Human consumption. Not all plankton is fit for human consumption: also for this reason, numerous consortiums and firms have been set up to harvest, process and freeze dry it for subsequent distribution to restaurants all over the world for use as a basic ingredient in all sorts of recipes.

Iron. Plankton is a natural product rich in minerals such as iron, calcium, phosphorus, as well as iodine, magnesium and potassium, which contribute to ensuring a correct intake of nutrients in the human diet.

Jellyfish. Despite being larger in size, jelly fish can also be defined as plankton since they satisfy two essential requisites: they live in the pelagic zone and are transported by sea currents.

Krill. Plankton also contains krill, swarms of small animal organisms generally belonging to crustacean species. Krill is not used a lot for culinary purposes, but its oil is rich in omega 3, vitamins and antioxidants. However, it is fished on a large scale to feed farmed fish and to produce flours and compounds for animal foods.

León. No other chef in the world is keener on using plankton in his cuisine than Ángel León who operates in Cadiz in the South of Spain. His restaurant, the Aponiente boasts 2 Michelin stars and practices a unique culinary style in which fine dining is exclusively interpreted in fish dishes, and plankton occupies a place of honour on the menu (check out a plankton recipe by Ángel León here).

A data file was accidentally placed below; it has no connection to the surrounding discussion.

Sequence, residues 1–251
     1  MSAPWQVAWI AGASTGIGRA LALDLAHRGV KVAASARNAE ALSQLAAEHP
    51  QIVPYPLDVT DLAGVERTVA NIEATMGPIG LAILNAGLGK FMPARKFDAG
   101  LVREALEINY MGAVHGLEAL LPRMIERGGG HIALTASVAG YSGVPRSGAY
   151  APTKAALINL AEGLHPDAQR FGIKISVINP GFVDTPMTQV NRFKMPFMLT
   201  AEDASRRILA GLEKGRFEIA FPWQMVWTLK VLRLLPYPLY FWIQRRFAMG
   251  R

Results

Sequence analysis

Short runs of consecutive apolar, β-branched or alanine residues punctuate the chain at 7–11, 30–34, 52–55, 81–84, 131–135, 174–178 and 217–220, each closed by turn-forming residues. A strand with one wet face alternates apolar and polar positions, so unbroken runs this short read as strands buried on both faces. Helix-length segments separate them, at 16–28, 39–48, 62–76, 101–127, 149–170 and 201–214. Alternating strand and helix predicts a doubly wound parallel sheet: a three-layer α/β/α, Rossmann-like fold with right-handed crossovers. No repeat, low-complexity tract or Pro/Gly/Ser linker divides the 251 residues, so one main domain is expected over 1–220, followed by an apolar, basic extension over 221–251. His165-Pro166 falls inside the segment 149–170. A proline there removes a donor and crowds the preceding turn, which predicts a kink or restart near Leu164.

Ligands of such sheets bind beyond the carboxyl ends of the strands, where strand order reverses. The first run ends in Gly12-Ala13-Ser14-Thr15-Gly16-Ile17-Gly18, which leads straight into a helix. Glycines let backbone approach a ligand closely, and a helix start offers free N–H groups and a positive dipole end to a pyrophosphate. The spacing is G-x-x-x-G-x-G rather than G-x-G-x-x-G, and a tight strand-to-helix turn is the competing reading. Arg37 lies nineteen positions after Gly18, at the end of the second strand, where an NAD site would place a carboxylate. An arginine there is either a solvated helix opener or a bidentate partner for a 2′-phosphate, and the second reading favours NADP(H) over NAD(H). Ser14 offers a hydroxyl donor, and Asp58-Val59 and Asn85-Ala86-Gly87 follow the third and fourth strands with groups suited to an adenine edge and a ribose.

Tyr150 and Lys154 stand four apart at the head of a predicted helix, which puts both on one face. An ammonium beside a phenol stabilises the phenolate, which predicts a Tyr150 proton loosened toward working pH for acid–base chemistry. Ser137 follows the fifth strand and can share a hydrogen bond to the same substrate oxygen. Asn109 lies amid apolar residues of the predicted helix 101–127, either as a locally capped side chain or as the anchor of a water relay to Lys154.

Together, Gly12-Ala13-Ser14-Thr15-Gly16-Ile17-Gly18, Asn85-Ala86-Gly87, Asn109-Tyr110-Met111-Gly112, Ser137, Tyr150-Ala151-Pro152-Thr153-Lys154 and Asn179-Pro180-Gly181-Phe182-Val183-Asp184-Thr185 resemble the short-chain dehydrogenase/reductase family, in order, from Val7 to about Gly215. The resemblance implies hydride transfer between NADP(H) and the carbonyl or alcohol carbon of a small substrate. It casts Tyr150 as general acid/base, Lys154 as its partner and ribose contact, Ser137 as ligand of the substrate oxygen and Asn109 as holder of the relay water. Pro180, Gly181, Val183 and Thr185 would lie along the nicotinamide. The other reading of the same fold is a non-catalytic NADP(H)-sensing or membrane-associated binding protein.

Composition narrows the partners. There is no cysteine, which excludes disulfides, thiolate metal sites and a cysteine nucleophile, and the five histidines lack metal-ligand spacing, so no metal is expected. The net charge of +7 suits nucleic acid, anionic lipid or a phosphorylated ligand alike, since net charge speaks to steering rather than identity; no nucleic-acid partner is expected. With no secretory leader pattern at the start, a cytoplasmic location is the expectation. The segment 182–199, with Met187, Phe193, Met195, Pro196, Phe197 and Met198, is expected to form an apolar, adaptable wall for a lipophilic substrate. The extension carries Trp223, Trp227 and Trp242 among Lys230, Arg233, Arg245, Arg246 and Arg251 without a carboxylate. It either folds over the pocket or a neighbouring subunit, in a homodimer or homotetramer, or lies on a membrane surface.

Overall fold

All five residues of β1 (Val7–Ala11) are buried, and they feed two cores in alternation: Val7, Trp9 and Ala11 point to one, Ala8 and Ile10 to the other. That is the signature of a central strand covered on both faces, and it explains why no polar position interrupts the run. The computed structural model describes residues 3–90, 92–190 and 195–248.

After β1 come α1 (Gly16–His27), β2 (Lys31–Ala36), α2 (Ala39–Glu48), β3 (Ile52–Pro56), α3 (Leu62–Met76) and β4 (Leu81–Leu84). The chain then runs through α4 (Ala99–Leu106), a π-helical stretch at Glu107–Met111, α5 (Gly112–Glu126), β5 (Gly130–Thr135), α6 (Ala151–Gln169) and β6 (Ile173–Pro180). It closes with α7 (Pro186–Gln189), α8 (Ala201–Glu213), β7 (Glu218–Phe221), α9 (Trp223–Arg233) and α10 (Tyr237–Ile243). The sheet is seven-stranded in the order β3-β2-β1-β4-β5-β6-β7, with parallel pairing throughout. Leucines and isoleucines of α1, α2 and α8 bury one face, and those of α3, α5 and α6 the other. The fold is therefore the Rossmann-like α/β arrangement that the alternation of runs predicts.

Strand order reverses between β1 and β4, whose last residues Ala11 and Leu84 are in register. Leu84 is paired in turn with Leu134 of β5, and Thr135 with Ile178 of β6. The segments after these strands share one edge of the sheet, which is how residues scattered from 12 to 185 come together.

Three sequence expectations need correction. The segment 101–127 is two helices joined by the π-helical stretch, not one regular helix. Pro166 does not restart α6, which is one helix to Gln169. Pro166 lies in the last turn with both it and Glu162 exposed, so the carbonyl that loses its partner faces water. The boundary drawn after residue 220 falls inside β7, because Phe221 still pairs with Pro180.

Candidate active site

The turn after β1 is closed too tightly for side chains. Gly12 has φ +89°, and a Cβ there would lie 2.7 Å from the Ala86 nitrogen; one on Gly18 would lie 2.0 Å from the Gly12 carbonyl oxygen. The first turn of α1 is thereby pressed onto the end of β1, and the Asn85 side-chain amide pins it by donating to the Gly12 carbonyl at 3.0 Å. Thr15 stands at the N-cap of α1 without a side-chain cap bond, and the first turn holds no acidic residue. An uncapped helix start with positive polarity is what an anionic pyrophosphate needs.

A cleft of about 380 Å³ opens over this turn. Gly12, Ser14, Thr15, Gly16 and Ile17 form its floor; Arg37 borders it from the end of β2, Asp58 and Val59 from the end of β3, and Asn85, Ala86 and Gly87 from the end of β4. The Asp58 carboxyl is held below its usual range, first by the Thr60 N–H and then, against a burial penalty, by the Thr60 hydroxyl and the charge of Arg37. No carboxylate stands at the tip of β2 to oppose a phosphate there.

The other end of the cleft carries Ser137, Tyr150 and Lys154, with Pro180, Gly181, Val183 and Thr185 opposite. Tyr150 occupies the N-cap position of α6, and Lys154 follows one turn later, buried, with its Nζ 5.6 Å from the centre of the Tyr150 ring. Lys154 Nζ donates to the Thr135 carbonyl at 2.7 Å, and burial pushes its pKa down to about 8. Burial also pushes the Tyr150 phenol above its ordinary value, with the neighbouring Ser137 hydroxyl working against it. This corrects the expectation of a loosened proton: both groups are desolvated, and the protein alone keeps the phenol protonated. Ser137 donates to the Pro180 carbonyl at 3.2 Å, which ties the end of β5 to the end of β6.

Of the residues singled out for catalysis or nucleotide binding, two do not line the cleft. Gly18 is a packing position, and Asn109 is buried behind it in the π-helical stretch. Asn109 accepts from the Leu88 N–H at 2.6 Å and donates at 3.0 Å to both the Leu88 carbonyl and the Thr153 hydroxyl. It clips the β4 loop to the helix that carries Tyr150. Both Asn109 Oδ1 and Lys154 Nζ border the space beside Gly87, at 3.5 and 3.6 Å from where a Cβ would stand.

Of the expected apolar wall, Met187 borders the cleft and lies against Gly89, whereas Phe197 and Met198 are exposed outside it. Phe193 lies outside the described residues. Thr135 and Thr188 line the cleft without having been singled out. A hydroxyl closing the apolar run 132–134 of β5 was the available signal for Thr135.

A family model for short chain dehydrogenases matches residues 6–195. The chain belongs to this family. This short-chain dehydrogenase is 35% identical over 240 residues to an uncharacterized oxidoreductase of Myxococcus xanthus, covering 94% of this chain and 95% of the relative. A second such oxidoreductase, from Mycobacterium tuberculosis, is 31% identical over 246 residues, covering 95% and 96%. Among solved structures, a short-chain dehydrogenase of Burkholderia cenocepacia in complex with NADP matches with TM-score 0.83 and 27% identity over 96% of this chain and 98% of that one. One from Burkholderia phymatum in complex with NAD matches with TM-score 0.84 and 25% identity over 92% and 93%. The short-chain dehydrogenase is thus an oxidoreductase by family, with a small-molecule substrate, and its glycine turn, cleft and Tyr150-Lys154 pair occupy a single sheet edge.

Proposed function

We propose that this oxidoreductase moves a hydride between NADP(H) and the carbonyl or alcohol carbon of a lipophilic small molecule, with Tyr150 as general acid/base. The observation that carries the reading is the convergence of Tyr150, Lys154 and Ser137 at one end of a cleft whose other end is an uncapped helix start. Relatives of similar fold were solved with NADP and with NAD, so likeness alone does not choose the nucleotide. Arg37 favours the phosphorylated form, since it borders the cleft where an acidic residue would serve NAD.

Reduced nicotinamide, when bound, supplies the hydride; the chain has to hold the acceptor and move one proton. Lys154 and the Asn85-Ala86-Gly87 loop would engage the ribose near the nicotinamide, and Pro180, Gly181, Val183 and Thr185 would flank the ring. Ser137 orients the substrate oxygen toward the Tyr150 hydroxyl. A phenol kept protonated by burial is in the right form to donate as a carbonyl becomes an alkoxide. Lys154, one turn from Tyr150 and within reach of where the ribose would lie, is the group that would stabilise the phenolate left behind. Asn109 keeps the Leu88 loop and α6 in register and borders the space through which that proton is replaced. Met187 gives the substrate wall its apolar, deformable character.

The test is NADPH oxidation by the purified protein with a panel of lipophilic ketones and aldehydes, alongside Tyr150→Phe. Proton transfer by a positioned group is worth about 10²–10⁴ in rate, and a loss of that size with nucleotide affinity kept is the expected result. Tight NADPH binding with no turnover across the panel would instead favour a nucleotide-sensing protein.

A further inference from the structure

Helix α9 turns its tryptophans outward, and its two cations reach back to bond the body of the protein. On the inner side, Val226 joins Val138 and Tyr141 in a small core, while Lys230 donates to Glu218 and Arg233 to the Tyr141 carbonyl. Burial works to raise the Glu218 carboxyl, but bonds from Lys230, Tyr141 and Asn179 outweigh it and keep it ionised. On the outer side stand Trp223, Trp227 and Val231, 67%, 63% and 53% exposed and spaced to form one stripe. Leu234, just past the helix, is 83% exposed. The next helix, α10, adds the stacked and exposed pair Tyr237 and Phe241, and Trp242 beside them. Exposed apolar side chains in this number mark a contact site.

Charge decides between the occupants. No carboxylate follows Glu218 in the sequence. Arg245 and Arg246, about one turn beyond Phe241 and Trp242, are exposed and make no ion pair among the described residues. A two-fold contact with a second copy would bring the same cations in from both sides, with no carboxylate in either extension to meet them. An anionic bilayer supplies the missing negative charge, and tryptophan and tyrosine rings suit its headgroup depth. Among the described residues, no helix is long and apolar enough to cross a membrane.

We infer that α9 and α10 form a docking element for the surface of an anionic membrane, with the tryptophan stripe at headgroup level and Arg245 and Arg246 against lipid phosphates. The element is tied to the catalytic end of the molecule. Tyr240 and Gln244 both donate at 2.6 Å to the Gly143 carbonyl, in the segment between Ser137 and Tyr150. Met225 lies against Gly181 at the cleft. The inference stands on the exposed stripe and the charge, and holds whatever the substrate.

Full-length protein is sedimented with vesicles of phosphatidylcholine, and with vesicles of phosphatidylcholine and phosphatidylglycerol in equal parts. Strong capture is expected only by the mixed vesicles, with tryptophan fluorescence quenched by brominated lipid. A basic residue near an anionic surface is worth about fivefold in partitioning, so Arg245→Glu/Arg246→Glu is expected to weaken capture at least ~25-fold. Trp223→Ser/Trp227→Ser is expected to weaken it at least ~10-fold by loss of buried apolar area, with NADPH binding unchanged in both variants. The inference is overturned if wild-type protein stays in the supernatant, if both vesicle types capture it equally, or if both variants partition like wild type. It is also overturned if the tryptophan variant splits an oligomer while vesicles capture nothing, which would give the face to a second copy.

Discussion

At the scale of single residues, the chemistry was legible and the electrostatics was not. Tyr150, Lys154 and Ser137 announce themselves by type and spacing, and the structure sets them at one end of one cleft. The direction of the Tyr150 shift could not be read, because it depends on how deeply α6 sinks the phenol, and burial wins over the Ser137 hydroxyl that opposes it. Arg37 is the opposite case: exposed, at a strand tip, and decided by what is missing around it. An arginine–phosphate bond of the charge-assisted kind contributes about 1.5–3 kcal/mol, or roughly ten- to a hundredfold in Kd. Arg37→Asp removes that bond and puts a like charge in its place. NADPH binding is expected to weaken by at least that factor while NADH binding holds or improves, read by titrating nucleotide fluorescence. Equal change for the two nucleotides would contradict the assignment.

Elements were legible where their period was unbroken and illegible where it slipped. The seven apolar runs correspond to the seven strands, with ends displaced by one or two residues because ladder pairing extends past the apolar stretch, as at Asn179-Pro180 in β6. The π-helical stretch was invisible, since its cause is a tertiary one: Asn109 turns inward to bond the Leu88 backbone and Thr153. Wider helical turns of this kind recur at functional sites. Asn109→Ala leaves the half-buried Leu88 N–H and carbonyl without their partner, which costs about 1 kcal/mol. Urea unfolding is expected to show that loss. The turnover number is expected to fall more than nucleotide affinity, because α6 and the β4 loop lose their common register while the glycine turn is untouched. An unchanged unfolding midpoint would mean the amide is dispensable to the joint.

Machine for clarification. Spanish chef Leon has invented a special machine for clarifying broth and is able to remove up to 94% of its fat: it goes without saying that its filters are all plankton based.

Novel food. This term is used by the European Union to identify new foodstuffs when certifying their safety and peculiar characteristics. The plankton produced by Fitoplancton Marino S.L., the Spanish company that has pioneered this business and is now the world’s leading supplier of plankton, was certified in 2014.

Omega 3. Like other seawater species, plankton is not only rich in minerals, but also Omega 3 fatty acids. This makes it a complete source of nutritional properties.

Photosynthesis. The plankton living on the water surfaces and exposed to the sunlight produces 50% of the planet’s oxygen, thanks to chlorophyll and photosynthesis.